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Public Works crews are working around the clock to protect sand wall

The flooding continues to impact us here locally. In Peoria, monitoring the Illinois River is a 24-7 operation for crews.

Wednesday crews shared some of the challenges they face as they try to maintain a perimeter around the River Station building on Peoria’s Riverfront.

They want to make sure the wall they spent days building keeps standing. It has been a lot of sweat and labor the past week, as crews have filled up thousands of little sand bags to help protect the area.

One crew member, Alonzo Young, has been running pumps to keep water out.

“We have to move the hose back and forth to get the water to drain from out of the inside of that surface, where the water is still inside that trench. When that water starting shooting in a little bit I was thinking, ‘I hope this wall is going to hold,”” said Young.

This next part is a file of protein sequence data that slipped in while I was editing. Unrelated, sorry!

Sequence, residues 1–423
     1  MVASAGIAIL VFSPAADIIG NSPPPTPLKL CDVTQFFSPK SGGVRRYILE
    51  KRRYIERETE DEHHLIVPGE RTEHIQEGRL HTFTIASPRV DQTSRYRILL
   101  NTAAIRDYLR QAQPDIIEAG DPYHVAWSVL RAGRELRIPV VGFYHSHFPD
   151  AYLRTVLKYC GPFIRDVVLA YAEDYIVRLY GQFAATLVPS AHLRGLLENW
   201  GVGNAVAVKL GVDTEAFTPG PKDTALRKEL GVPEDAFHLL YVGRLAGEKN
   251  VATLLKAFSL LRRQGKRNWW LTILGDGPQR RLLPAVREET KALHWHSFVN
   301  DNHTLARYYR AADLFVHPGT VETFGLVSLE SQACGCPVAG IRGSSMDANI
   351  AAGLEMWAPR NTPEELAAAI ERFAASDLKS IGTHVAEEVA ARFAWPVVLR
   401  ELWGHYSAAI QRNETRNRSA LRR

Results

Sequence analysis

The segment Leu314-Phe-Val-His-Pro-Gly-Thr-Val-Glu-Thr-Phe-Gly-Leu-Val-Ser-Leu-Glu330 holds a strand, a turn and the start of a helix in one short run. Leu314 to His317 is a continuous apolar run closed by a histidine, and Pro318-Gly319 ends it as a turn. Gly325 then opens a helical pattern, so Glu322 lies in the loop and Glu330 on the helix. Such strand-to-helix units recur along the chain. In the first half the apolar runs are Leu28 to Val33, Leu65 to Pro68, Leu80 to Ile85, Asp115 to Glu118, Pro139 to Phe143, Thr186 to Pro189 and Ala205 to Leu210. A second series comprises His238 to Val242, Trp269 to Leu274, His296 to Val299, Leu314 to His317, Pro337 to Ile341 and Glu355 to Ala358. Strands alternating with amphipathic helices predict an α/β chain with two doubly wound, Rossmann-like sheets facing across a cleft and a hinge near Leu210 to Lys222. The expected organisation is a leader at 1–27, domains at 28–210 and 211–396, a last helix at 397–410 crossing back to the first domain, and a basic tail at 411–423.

While crews do not think the wall will collapse, they are taking precaution by sealing up any small leaks they find with hand-filled sand bags. Any time you put up a wall, holding back water, leaks are bound to happen.

“When sand bags start to get wet, they shift a little bit and things move around a little bit so we are always monitoring the wall to make sure we don’t have any major problems,” said City Engineer with Peoria Public Works, Bill Lewis.

If you have been to the Riverfront, you may notice three different types of sand bags. Crews said they all serve the same purpose.

“On top of that we will use hand-held filled sand bags to give us a little more elevation,” said Lewis.

While some of the sand is put in by machine, the little sand bags were filled by hand–thousands of them–and they are constantly making more.

Even though water levels are going down, crews said the clean up process will take weeks.
Some businesses along the Riverfront should be open by Friday.

mmurphy

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